A standard entry looks like:
GFX and ANIM is a word, B is a byte.
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GFX GFX GFX GFX GFX GFX ANIM B B B B B B B B ANIM B B B B B B B B ANIM B B B B B B B B
Each GFX is a pointer pointing to raw graphics. ANIM is a pointer that points to animation metadata which is used in conjunction with the B bytes.
the ANIM pointer points to a structure that looks like this:
OAM is a pointer to a table of pointers, each of which points to what I assume is OAM data. I haven't explored that specifically yet.
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OAM SEQ SEQ SEQ ...
SEQ is a pointer that points to actual metadata. The number of SEQs are variable, and my guess is the B bytes earlier refer to a SEQ pointer, so there needs to be a SEQ pointer for each B index. So to summarize, the game handles animations as follows: First, an animation is divided into sequences. For example, the tank firing is separated into 5 sequences:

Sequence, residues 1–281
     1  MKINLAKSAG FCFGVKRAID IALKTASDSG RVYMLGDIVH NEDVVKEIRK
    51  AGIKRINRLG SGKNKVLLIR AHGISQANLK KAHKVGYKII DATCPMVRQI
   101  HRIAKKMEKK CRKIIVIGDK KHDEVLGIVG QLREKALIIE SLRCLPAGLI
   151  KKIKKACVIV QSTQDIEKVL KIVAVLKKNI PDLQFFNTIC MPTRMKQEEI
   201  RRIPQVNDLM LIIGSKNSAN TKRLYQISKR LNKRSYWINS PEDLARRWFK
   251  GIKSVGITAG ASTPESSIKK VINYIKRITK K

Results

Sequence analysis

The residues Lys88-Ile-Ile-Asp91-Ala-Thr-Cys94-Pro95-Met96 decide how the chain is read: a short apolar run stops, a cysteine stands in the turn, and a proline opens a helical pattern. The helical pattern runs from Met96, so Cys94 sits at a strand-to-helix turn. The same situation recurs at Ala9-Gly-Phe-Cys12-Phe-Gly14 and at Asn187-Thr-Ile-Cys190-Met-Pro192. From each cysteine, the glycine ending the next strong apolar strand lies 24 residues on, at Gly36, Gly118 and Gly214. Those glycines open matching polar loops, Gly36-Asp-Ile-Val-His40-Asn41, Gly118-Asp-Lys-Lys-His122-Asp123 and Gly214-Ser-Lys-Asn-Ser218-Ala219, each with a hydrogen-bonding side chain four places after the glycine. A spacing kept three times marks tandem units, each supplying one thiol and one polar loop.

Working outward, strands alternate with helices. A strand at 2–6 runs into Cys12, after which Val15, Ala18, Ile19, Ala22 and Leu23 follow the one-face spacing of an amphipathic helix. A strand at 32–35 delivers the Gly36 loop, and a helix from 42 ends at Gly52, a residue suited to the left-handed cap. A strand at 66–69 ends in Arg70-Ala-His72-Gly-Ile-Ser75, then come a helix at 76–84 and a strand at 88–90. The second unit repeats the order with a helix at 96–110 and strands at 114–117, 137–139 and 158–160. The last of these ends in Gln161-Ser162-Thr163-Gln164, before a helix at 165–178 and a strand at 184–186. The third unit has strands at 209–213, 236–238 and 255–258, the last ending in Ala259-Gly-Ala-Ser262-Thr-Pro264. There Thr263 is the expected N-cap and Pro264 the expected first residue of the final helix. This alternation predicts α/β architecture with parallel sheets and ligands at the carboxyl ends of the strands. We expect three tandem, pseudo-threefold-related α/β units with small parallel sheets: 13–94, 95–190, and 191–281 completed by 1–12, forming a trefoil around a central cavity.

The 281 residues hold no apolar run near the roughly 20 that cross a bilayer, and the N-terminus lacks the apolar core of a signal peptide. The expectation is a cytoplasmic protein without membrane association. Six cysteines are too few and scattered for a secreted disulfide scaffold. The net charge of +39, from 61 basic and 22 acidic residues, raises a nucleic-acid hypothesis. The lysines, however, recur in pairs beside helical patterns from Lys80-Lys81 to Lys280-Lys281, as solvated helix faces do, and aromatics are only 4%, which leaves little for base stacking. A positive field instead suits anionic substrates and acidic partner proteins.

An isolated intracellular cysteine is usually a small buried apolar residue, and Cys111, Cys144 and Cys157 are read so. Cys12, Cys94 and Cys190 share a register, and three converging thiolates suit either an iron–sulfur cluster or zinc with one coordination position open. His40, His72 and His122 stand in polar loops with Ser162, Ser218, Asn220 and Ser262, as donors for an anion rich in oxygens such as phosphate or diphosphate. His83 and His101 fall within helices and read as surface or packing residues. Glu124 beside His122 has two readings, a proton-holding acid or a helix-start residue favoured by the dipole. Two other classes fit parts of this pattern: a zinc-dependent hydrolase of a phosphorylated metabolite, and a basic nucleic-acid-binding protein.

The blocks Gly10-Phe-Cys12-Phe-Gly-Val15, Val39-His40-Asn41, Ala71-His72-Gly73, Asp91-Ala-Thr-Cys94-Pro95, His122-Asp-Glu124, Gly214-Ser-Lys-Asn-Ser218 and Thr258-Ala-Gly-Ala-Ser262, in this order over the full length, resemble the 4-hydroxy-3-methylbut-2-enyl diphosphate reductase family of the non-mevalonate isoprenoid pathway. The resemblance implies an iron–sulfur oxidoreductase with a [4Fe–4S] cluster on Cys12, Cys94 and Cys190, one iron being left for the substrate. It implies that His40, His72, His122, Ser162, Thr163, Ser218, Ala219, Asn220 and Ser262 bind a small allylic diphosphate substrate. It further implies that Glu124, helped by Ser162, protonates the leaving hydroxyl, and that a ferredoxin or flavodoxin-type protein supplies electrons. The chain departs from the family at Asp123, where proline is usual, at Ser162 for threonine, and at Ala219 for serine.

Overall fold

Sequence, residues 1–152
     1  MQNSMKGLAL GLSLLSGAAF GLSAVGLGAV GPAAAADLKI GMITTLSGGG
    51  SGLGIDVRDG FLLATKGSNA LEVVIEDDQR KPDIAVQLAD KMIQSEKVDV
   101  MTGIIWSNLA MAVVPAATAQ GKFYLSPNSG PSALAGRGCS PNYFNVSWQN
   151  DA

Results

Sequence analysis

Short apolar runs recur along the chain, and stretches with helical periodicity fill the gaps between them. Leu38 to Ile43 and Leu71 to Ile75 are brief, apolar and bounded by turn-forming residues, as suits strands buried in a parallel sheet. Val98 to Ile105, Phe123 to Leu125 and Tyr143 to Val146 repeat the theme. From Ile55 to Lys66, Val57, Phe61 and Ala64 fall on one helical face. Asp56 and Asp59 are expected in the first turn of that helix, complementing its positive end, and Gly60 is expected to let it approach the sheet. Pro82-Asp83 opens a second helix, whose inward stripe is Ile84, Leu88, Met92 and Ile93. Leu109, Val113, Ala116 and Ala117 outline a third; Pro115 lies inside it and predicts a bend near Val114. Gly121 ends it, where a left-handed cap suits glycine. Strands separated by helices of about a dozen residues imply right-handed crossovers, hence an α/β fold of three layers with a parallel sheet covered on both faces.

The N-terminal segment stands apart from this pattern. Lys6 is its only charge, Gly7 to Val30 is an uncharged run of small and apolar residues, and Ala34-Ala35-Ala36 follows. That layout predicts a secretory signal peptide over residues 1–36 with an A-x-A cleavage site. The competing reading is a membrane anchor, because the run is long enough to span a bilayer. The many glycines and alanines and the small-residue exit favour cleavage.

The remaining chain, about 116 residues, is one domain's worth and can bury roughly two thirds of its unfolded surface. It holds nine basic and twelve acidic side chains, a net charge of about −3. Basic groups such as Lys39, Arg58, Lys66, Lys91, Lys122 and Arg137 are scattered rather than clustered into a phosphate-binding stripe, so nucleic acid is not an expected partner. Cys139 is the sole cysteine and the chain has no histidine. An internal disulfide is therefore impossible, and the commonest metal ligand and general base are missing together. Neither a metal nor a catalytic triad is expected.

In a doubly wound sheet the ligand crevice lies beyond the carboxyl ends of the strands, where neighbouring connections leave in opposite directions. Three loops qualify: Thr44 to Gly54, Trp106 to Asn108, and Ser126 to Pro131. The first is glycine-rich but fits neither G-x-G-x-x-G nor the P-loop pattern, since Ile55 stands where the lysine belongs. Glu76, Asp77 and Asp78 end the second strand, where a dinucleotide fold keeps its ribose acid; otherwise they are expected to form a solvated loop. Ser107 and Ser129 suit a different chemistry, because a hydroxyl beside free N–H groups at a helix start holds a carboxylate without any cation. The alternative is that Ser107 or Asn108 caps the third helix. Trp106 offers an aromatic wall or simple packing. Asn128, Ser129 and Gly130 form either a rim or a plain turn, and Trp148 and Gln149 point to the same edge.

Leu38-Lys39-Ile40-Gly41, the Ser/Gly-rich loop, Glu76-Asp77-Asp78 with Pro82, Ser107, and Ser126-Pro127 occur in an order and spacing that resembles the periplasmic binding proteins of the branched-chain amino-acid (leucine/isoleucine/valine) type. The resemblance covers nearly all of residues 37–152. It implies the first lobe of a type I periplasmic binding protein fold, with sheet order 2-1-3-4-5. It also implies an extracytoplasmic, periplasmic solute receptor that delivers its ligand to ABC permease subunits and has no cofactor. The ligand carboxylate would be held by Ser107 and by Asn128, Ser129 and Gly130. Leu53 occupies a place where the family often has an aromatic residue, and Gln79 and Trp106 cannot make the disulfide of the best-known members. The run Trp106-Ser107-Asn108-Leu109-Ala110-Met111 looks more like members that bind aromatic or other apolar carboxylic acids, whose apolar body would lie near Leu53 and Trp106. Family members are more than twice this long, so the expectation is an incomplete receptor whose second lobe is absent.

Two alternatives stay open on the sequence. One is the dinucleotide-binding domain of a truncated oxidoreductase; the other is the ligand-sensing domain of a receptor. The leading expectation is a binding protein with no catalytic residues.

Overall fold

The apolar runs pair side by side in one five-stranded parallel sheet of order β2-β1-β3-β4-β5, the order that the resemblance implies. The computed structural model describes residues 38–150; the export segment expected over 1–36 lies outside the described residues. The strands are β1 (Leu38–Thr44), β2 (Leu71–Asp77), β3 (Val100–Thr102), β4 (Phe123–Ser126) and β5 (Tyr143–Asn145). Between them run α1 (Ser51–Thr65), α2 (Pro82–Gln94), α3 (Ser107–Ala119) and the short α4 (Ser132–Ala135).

0 - moving in (tread animating)
1 - stop tread animating?
2 - play brake animation
3 - fire
4 - ending?
The game then executes these in order (the exact order is 0 1 2 3 3 3 4 0).
I have no idea exactly how metadata works. The stuff I know so far is: each metadata atom is a variable number of bytes. I think if you have XX 10, then the next 2 bytes are also part of the atom, making XX 10 YY 00 an atom. XX corresponds to an OAM frame, and I think YY is duration? Other atoms I've seen are:
1C E0 - plays a sound effect (used by tanks and missiles, haven't checked other units)
00 20 - ??
00 FE - ??
I think the firing spark is handled separately from these animations, also based on my messing around with tanks.